A total of 221 surveys were returned of 529 sent (42% response rate). The geographic distribution was: north central (19.9%), northeast (26.7%), mountain/western (15.5%), south central/southwest (18.4%), southeast (17.9%), and international (1.5%).
The mean number of members per facility was 1024 ± 1644 (range 7–14,000, median = 600). The mean size of facilities was 10,381 ± 13,767 ft2, (range 350–100,000, median = 6650). The ratio of members per ft2 was 1:10. Mean staff per facility was 5.9 (range 1–49). The mean number of members per staff was 171. Staff per square foot ratio was 1: 1730. Thirty-five percent of facilities allowed only employees to participate. Eleven percent of facilitieswere open to employees, spouses, retirees, and the community. The remaining 54% were open to employees and spouses, and/or retirees only. The mean cost of an annual membership was $109 ± 139 (range $0–$975).
Among responding facilities, 88% had onsite staff supervision, whereas 12% did not. Of all the staff included in the study (1302), 62% of staff were employed full-time (802) and 38% (500) were employed on a part-time basis. Three facilities (1%) had staff with no formal education beyond high school (bachelors, masters, or doctorate degrees), whereas 13 facilities (6%) employed staff with no professional certification (for example ACSM or ACE). Among staff who had achieved professional certification (not including BLS/CPR), the type of certification varied (Table 1), with 25% of staff certified by ACSM. With respect to basic life support (BLS) or cardiopulmonary resuscitation (CPR) training, 88% of staff were certified.
Ninety-two percent of facilities had a written policy statement addressing health history screening, whereas 8% had no health screening policy. Among facilities that used a health screen, 48% used a self-developed questionnaire (Table 2) of which its origin or basis was unknown. Eighty-seven percent of facilities that used a health screening questionnaire administered it to new members all of the time. Thirteen percent of facilities administered it irregularly, or not at all, to new members.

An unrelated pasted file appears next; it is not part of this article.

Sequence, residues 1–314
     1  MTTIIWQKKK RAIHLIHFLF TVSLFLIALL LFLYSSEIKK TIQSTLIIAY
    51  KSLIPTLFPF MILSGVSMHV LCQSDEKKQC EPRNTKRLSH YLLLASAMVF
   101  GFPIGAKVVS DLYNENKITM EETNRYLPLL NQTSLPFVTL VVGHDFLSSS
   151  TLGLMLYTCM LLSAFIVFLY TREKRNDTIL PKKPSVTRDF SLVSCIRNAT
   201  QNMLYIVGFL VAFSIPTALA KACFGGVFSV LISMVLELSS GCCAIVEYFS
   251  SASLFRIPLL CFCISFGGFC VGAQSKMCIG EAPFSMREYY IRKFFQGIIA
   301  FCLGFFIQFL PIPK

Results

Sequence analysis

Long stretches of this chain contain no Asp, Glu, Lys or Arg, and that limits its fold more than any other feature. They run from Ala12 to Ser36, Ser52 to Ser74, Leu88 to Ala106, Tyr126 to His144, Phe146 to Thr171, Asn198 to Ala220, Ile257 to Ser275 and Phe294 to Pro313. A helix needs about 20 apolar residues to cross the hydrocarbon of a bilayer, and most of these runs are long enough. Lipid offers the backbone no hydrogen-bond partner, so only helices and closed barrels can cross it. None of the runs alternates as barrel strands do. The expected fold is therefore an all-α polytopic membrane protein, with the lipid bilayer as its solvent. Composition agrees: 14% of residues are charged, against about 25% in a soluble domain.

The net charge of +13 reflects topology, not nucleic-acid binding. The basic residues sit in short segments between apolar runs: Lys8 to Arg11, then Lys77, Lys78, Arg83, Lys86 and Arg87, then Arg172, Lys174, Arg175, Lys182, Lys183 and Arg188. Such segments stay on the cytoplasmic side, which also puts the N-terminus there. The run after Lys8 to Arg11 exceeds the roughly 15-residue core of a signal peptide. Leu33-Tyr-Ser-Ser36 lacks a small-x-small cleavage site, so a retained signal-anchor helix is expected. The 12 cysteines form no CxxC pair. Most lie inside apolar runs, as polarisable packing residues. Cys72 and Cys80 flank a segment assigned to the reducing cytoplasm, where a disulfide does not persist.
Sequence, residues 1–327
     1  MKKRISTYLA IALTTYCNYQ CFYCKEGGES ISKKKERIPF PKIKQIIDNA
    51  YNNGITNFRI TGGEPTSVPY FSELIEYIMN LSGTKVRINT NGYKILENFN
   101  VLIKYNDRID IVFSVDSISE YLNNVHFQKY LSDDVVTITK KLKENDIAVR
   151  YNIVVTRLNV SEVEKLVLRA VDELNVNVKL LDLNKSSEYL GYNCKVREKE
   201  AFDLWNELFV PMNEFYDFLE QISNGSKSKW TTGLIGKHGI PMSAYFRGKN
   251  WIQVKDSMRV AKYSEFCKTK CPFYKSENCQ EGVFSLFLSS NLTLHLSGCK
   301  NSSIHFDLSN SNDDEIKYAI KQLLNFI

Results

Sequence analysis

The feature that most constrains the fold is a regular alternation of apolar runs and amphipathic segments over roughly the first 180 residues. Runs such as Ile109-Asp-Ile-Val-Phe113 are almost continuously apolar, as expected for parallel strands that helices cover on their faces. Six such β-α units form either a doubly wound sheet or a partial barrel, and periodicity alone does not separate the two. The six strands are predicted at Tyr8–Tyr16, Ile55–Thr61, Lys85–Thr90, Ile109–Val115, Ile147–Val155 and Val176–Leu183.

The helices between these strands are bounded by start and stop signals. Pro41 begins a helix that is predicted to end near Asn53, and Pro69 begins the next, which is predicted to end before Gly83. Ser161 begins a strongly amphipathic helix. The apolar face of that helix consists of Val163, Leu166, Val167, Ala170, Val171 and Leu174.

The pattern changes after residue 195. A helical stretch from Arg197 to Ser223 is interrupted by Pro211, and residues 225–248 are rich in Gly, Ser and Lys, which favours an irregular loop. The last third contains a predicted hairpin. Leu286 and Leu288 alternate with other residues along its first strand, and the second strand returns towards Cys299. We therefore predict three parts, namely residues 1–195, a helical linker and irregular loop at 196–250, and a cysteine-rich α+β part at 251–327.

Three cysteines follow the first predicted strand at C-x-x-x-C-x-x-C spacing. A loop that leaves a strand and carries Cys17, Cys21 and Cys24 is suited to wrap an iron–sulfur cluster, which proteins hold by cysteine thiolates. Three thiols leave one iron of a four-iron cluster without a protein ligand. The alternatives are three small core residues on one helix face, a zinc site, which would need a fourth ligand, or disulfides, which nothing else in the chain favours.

The health history-screening questionnaire was administered in 50% of facilities by staff with a college degree. Other facilities varied as to who administered the health-screening tool (Table 3). Similarly, staff with a college degree most commonly reviewed the questionnaire (Table 4). In 9% of facilities, the health-screening questionnaire was reviewed by a desk person or a staff person without a college degree, and 4% of facilities responded with “other.” The frequency that the health history screening was administered is shown in Figure 2.
Seventy-five percent of facilities required physician clearance for members that they identified as “clients at risk for heart disease,” and 18% recommended clearance. Two percent did not require or recommend physician clearance. Sixty-five responding facilities (35%) defined “at risk” as one or more risk factors. Of these, all facilities either required or recommended physician clearance. A total of 122 (65%) responders defined “at risk” as two factors or more. Of these, 118 (97%) either recommended or required physician clearance, and 4 (3%) did not require clearance. For clients with a known medical condition, 82% of facilities required physician consent (or exercise was not permitted), whereas 12% recommended physician consent. Six percent said that consent did not affect exercise participation. For new members with hypertension, 80% of respondents required physician consent to participate, whereas 20% did not.